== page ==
The atmosphere at this year’s PRIDE parade in Seattle was decidedly celebratory, with a generous dose of relief.
After all, since last year’s parade, our state passed R-74, which allows same sex couples in Washington to marry.
In addition, the week before the parade saw the historic Supreme Court decision to strike down the Defense of Marriage Act and recognize the marriages of same sex couples at the federal level — allowing benefits for same sex couples that heterosexual couples have enjoyed for decades.
Gay or LGBT pride events originated to commemorate the Stonewall Riots in New York in June 1969. Each year, near the end of June, parades and festivities occur around the country to counter discrimination and violence toward lesbian, gay, bisexual and transgender people.
In a move that shows how much support for equality is growing in our region, the Seattle Mariners made history by becoming the first professional baseball team to fly a rainbow gay pride flag at Safeco Field on June 30.
In Seattle, there also is a movement under way for a separate Trans Pride event to distinguish the differences between sexual orientation (lesbian, gay, bisexual, straight, etc.) and gender identity (male, female, transgender, two-spirit, etc.).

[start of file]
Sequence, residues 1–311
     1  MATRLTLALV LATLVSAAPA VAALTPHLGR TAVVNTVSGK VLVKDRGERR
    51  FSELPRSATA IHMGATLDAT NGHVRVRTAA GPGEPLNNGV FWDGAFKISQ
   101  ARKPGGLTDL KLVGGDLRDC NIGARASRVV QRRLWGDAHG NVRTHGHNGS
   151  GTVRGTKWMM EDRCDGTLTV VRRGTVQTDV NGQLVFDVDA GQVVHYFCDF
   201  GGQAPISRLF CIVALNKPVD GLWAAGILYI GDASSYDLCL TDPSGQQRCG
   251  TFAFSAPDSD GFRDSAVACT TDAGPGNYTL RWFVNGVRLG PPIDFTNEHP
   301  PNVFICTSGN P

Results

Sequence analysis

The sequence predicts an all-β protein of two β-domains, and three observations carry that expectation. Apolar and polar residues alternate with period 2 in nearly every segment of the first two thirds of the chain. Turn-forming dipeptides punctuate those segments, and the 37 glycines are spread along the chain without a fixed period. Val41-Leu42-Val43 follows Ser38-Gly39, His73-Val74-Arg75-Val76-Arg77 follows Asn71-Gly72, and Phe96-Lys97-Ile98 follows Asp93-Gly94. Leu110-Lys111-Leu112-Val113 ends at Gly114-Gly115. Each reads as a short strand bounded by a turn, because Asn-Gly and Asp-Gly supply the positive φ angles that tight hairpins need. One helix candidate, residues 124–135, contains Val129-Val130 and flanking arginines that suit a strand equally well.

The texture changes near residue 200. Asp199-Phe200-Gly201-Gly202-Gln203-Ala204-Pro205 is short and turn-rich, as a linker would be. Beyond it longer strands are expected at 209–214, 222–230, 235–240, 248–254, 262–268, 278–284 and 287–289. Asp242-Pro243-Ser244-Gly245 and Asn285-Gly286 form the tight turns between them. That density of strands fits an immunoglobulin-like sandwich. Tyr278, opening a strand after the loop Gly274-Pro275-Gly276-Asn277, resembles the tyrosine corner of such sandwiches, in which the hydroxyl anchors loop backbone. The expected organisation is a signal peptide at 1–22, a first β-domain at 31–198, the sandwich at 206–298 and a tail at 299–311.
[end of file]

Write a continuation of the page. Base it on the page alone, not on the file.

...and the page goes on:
I marched in the Pride Parade this year as part of a delegation from local United Churches of Christ, Disciples of Christ, and Metropolitan Community Churches. We were one of many religious delegations in the parade. Our float had two members of our Federal Way church sitting on it beneath a sign that read: “Together 39 Years: Married 6 Months.”
If you missed the festivities in Seattle, you can still take advantage of the Tacoma Pride Festival. Though there’s no parade, the week of July 12 is full of festivities, including Pride Foundation Rainbow Awards, an “Out with God” Worship Service, and Out in the Park — a family friendly community event with booths, food and fun.
Sadly, if you’re LGBT in Federal Way, chances are things aren’t as festive for you. I’ve only found two churches in our city, and only one of them Christian, that will perform your wedding should you want to be married.
If you’re in high school, you’re likely to be teased, harassed and even bullied. Heck, you don’t even have to be LGBT. The perception of you being "not straight" is enough for that to happen. You probably still hear “That’s so gay!” on a regular basis.
If you’re LGBT and go to a church here in town, you may be accepted, rejected, ejected, or loved “in spite” of who you are. Sigh. In spite of recent gains, we still have a long way to go on this journey.
I hope you’ll stand with me, and with each other, and stand up for equality, justice and dignity. I hope you’ll find people who adore you and know you are worthy because you exist, and that it’s not dependent on who you love.
If you’re lucky, you’ll get invited to a wedding and get to witness the joy of people who have loved each other deeply, and for a long time, as they say “I do” to each other.
And if you’re really lucky, you’ll say “Amen,” take a breath, and continue working toward liberty and justice for all.